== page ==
Never forget we do not exist except for others. Have we thanked them? Do we take the time to acknowledge those who have brought us into this world? Do we know their history? Have we taken the time to listen, understand, and appreciate that we are here because of them?

Sadly, I never took the time to sit my parents down and ask about their lives as children and young adults. Although I needed to know their story and family history, I failed to ask. It’s a loss I can never make up for.

Is Aging A Blessing?

I note that it’s the people in their 50’s, 60’s, and 70’s who do most of the writing and commenting about “being old.” A few claim that aging is a blessing; however, not being there and having age as their own experience makes “knowing” impossible.

I am old, about to be 96, and still have awareness, memory, and a creative bent. I write essays and poetry and am about to publish a third book on current issues concerning leadership, power, communication, and the world’s challenges. Yet, none of this makes my getting older a “blessing.” The blessing is in my creativity, not my aging.

“Old” means not being who you were in so many ways that I won’t take the time or space to note them. Clearly, being old sucks for those of us who are really old despite being fantasized about as a “blessing” by those not there yet.
Perhaps these younger individuals are whistling in the dark out of sheer fear for what is to come. The old have no need to conjecture. They are in the very center of the storm and have a real sense of its outcome. The old may not speak about this, but they know what being old is. Words are inadequate. Only “It is what it is” comes close.

I loved my life and the many challenges Lenette and I faced almost daily. I love her and do so even more today. I know it will all end in the not-too-distant future. How in the world can I see this as a “blessing?”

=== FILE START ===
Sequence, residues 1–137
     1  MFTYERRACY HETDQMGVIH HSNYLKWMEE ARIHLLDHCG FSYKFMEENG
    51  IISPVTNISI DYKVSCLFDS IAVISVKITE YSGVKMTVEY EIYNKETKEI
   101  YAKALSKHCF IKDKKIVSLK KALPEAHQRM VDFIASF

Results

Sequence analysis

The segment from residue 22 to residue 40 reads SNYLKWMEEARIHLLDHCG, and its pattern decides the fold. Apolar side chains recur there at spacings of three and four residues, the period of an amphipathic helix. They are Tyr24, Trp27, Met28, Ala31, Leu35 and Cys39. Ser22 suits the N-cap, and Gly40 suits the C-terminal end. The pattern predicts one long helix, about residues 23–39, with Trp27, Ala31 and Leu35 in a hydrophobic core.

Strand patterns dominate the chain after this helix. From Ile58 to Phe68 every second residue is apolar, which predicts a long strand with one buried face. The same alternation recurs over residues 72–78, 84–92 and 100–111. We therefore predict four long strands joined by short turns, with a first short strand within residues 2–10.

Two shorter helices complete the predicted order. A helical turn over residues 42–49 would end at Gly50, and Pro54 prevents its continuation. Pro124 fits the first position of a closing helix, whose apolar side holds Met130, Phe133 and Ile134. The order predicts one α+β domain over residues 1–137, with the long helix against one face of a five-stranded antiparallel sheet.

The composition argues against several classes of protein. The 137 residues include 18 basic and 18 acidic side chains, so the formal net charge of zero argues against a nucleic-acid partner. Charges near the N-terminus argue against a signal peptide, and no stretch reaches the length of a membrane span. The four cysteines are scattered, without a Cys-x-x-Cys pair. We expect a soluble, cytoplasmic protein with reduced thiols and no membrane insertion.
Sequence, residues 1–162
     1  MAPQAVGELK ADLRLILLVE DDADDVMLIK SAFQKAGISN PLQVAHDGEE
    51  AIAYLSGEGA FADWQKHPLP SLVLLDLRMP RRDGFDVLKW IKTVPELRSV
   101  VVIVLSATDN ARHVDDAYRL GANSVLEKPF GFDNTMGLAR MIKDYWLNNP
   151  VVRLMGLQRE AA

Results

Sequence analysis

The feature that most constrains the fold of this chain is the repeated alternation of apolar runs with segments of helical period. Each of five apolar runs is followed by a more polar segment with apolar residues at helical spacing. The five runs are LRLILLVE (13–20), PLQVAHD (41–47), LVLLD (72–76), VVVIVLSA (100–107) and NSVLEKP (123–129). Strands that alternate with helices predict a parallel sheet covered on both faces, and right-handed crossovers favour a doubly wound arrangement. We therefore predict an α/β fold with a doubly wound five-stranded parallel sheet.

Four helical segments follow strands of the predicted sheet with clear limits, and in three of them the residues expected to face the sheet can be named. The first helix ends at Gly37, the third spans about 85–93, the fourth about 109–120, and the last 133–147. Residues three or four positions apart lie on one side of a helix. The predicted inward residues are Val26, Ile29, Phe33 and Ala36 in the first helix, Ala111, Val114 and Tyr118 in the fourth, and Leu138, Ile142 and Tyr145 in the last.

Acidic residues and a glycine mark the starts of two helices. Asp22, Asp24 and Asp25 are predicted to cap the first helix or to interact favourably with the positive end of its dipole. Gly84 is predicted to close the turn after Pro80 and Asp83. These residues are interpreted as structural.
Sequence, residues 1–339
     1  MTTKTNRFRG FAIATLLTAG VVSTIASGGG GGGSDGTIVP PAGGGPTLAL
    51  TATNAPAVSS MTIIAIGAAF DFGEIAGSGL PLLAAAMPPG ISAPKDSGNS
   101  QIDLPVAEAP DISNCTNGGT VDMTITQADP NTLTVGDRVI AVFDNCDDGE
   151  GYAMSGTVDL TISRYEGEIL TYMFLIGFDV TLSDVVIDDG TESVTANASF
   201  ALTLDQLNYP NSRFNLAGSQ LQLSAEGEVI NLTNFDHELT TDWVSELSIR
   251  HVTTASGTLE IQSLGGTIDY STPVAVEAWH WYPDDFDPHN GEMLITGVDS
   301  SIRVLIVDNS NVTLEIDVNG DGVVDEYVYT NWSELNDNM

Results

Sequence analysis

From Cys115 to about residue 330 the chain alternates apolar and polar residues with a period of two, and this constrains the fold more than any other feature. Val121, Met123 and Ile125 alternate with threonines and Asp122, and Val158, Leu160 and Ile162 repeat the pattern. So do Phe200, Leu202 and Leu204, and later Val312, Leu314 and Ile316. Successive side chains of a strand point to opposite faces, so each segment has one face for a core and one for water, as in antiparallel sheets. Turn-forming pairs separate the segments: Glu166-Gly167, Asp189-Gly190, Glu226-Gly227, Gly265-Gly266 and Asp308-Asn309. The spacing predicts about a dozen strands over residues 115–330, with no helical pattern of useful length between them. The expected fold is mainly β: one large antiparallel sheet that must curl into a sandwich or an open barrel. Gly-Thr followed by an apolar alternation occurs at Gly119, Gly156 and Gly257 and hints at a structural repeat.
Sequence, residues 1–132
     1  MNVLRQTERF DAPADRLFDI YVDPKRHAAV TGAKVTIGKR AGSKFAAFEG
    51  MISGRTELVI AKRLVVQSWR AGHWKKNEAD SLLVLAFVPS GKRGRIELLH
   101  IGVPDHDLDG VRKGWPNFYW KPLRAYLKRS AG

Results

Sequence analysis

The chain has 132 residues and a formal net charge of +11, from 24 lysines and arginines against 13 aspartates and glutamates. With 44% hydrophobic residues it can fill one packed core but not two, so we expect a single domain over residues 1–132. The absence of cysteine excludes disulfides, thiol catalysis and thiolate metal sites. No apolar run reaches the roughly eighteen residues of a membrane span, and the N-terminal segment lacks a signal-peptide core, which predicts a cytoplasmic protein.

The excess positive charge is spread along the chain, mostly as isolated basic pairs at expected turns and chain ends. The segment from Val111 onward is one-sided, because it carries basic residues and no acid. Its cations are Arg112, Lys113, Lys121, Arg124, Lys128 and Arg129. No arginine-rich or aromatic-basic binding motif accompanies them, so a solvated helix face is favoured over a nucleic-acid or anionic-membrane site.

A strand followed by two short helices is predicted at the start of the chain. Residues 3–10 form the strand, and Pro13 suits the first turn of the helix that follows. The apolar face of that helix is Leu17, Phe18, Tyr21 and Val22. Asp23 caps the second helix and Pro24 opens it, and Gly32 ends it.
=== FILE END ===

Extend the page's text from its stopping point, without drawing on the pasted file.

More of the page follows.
The sand not endless—It runs out on all of us—time is limited.

Who Am I?

Who I was: A Kid growing up on the streets of Westside Chicago during the great depression, living with a family of eight in a small apartment. A fearless fighter determined that no one would bully my friends or me, step on me or deny me from being. The cauldron I grew up in shaped much of me.

In the military, a brief event on Okinawa showed me that I could do well as a student. I became an Educator, Child Psychologist, Entrepreneur, and lecturer specializing in Leadership, Power, and Dialogue. Over my career, I’m told I became more of myself from whom I was.

Who I am: In 2010, I retired from lecturing, workshops, and extended travel. Still, I knew I needed to continue to study, work and push barriers. So, I began to write a book (Leadership, Power & Consequences), and with the help of a knowledgeable friend, a short handbook on leadership (Navigating Leadership, Growth, And Change) and a Blog (sywords.com) of my one-page essays.

To this day, I continue to be a student and teacher. No question, I owe much of my growth to my loving Lenette and many of the remarkable people I worked with as a mentor, who, in turn, taught me so much. I gave all I had and was given back in kind.